This week he flew to LA without much notice. I sent him a message asking him what his plans were, then I commented on a Facebook post asking him again. I sat there and waited... then waited some more, soon pictures of him hanging with other people surfaced and still nothing. I started acting like a teenager with a crush, stalking his Facebook wondering why he couldn’t be bothered to respond and why I was so worthless to him. Then something hit me, why did I care so much? Why was his response of such a greater worth to me than so many others? The answer... VALIDATION. In my mind, when we met for drinks and he told me about his newest accomplishments I would finally have something to tout. I would talk about my success as an entrepreneur, my success as a writer, and the personal growth I’ve experienced through social dynamics. Maybe, just maybe, I would win his seal of approval and that would be my ultimate validation.

So yeah, I get it. I gravitate to this specific type of person because it’s the person that I want to be. But that person doesn’t look for validation from others, that person leads others with self-relying assertiveness. So fuck it, I have plenty of amazing people around me and I don’t NEED him in my life, I WANT him in my life but there’s a big difference between need and want, and it starts with reciprocation. Since that’s not there I need to move-the-fuck-on. Nuff said about my swollen invalidated man-sack, now for the test of self-worth.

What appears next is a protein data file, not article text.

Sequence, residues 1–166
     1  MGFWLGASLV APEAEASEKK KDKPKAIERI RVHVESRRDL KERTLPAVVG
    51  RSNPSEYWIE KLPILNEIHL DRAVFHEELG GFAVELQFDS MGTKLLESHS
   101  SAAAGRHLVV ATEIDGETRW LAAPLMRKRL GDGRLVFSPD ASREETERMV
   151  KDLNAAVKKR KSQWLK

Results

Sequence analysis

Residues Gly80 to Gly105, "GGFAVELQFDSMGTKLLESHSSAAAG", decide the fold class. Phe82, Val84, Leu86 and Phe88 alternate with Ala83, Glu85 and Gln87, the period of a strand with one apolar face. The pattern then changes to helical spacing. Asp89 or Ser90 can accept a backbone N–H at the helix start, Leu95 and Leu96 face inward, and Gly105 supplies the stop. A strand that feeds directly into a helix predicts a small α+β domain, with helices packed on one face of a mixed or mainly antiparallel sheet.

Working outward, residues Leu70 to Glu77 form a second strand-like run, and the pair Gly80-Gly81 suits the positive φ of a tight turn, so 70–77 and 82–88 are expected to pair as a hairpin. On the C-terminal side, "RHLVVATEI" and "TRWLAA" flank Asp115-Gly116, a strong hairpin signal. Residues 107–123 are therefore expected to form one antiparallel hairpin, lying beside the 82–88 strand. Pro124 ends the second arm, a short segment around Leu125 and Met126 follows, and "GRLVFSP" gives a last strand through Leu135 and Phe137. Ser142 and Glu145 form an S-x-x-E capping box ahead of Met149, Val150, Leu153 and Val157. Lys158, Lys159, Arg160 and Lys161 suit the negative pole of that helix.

In a recent post I talked about a job that I applied for with Dr. Susan Block, a sexoligist, sex therapist, lifestyle hedonist, and Yalie. She needed a writer and I wanted the job. I submitted some of my writing along with an essay and I was in. This was such an amazing compliment. I’ve never considered myself a writer and to receive this job purely on merit from an ivy-league graduate meant so much to me. With that being said, I was not about to burn my bridge with the hostel where I was, and-*spoiler alert*-still am working. Should all else fail, the hostel could always provide a bed, shower and two meals a day. So I gave my two weeks, spoke with Dr. Suzy, and everything seemed dandy.

For the next couple Saturdays I attended her live show and watched some of the most depraved sexual acts, some of which I’d never even contemplated, took notes and submitted material for her blog.